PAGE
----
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As required by Missouri statutes, device and commodity inspection personnel inspect large and small scales, grain hopper scales, taxicab meters, milk for quantity determination, prepackaged merchandise and method of sale of commodities. The program enforces the Missouri Egg Law and the Missouri Unfair Milk Sales Practices Act.

The Metrology Program tests, calibrates, and certifies standards for state agencies and private institutions. It is also the official keeper of Missouri’s primary standards of mass, volume and length. The Moisture Meter Program ensures the accuracy of all commercial grain moisture-measuring devices used in Missouri.

The program combines a variety of services. Petroleum dispensers, petroleum terminal meters and fuel delivery truck meters are tested for accuracy; premises where petroleum products are stored and/or sold are inspected for safety; metered LPG delivery vehicles and dispensers are checked for accuracy; and storage and handling of anhydrous ammonia are inspected for safety.

If you weigh or measure goods to sell to consumers, the law states that your equipment must be both suitable and accurate

The law also covers the manufacture and approval of this equipment, and lays down requirements about specific quantities in which certain goods must be sold.

Generally the law requires the majority of food, drink and other goods sold to the public to have their quantities indicated for the customer. This includes goods that are weighed or measured at the customer's request or packaged ready for sale.

Weights and measures legislation is enforced by Local Weights and Measures Authorities (LWMAs). Details of your LWMA can be found by entering your post code at the following link on the Chartered Trading Standards Institute website .

Local authorities’ trading standards departments deliver the local enforcement of most of the UK’s weights and measures legislation. To promote consistency and best practice, the Office for Product Safety and Standards (OPS&S) works closely with the national co-ordinating body, local government and the professional institute for inspectors of weights and measures - CTSI - as well as with regional groups of local authorities and individual inspectors.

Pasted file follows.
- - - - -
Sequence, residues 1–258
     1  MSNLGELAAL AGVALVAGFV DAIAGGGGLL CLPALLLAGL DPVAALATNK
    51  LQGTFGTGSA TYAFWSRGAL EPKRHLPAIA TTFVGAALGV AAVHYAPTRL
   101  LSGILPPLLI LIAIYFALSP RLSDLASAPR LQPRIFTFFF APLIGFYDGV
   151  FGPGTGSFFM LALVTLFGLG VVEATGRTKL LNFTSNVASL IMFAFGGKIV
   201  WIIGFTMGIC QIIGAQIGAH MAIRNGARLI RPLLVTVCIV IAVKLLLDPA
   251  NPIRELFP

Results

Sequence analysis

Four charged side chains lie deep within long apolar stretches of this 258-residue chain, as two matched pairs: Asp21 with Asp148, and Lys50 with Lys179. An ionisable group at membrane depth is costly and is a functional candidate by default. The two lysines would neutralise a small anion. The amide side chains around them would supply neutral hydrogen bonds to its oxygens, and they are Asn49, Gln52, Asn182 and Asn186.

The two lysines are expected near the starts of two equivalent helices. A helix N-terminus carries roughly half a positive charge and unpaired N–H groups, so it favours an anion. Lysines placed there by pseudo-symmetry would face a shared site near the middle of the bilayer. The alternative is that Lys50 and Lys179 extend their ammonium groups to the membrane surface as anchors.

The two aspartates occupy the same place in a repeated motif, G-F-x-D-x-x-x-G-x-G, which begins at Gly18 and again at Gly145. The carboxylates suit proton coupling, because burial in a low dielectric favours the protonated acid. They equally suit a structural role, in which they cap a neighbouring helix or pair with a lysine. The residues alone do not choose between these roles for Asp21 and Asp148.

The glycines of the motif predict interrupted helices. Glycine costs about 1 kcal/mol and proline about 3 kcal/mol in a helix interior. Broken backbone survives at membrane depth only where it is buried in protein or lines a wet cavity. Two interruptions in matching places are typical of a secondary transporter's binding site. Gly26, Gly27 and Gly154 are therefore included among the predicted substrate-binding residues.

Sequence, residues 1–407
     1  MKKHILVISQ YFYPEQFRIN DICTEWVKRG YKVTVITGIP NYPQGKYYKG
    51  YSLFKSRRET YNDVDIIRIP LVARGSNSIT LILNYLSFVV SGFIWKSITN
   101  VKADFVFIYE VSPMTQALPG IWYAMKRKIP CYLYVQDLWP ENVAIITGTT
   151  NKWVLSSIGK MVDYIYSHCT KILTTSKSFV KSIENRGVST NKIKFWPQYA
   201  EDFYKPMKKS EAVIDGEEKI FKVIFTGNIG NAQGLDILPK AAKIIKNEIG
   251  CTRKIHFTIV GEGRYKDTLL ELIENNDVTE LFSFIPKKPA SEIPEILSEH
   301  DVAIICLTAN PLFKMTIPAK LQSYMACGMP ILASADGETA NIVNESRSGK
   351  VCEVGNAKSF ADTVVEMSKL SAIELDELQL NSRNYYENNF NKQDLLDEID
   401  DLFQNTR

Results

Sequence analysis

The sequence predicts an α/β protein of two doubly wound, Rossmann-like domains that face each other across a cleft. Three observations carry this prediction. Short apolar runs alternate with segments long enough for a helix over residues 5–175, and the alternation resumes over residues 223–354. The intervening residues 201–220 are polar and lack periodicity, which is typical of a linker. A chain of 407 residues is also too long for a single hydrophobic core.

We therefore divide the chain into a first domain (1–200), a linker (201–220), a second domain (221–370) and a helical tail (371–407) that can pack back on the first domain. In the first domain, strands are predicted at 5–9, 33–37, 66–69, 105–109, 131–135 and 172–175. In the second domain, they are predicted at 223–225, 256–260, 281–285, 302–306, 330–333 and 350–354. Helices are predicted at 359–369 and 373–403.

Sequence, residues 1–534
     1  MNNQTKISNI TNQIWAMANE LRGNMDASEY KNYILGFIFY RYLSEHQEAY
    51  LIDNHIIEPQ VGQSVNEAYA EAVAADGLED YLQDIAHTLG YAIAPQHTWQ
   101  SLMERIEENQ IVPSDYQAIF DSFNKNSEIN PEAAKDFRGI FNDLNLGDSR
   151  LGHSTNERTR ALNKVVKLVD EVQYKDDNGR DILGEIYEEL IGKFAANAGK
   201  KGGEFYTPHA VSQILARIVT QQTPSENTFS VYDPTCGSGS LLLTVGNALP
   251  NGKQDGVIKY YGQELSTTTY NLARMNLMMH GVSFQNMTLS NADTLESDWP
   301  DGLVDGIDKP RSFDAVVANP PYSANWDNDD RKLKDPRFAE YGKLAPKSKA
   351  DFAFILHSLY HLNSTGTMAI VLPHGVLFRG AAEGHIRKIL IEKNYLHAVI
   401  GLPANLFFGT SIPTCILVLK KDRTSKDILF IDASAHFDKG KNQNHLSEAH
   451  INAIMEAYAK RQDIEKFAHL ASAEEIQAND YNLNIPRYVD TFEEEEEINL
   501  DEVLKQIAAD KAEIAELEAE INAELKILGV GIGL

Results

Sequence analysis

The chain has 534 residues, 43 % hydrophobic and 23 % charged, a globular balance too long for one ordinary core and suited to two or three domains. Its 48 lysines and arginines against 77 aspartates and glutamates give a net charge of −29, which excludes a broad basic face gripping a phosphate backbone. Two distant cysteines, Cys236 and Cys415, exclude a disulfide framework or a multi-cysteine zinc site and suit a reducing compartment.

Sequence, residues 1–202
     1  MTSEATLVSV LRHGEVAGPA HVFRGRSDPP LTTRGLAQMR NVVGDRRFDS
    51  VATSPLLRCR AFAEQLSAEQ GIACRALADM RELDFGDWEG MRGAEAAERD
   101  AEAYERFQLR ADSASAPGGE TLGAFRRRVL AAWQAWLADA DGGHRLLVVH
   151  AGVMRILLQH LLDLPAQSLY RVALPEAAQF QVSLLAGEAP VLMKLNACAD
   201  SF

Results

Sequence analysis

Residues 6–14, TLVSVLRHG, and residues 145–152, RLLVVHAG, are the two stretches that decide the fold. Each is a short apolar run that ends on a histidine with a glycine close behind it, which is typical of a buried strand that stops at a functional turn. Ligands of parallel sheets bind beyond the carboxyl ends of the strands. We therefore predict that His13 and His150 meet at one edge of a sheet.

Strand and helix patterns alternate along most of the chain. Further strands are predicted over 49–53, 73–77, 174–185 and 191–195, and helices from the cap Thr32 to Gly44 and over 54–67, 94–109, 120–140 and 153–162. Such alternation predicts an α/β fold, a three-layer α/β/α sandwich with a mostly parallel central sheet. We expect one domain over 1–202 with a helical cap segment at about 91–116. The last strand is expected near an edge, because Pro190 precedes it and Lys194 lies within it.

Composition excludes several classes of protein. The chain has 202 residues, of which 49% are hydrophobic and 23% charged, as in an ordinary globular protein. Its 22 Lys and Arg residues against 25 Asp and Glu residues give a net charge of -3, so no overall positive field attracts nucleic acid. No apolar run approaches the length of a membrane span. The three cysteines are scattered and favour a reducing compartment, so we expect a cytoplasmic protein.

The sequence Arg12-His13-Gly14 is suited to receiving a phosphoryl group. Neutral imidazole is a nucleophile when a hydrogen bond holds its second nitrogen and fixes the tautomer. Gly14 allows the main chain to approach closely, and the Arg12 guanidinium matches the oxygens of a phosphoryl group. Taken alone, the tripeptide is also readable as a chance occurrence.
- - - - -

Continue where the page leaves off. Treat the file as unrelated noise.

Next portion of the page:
For business specific advice contact your Local Authority Trading Standards Department who may be able to provide you with Primary Authority advice.

Preston-Thomas, H.. "Weights And Measures". The Canadian Encyclopedia . Toronto: Historica Canada, 2008. Web. 16 Jan 2008.

Preston-Thomas, H.. R. The Canadian Encyclopedia. (2008). Weights and measures . Retrieved February 22, 2018 From http://thecanadianencyclopedia.ca/en/article/weights-and-measures/.

Preston-Thomas, H.. "Weights And Measures." In The Canadian Encyclopedia. Historica Canada, 1985—. Article published January 16, 2008

As required by Missouri statutes, device and commodity inspection personnel inspect large and small scales, grain hopper scales, taxicab meters, milk for quantity determination, prepackaged merchandise and method of sale of commodities. The program enforces the Missouri Egg Law and the Missouri Unfair Milk Sales Practices Act.

The Metrology Program tests, calibrates, and certifies standards for state agencies and private institutions. It is also the official keeper of Missouri’s primary standards of mass, volume and length. The Moisture Meter Program ensures the accuracy of all commercial grain moisture-measuring devices used in Missouri.

The program combines a variety of services. Petroleum dispensers, petroleum terminal meters and fuel delivery truck meters are tested for accuracy; premises where petroleum products are stored and/or sold are inspected for safety; metered LPG delivery vehicles and dispensers are checked for accuracy; and storage and handling of anhydrous ammonia are inspected for safety.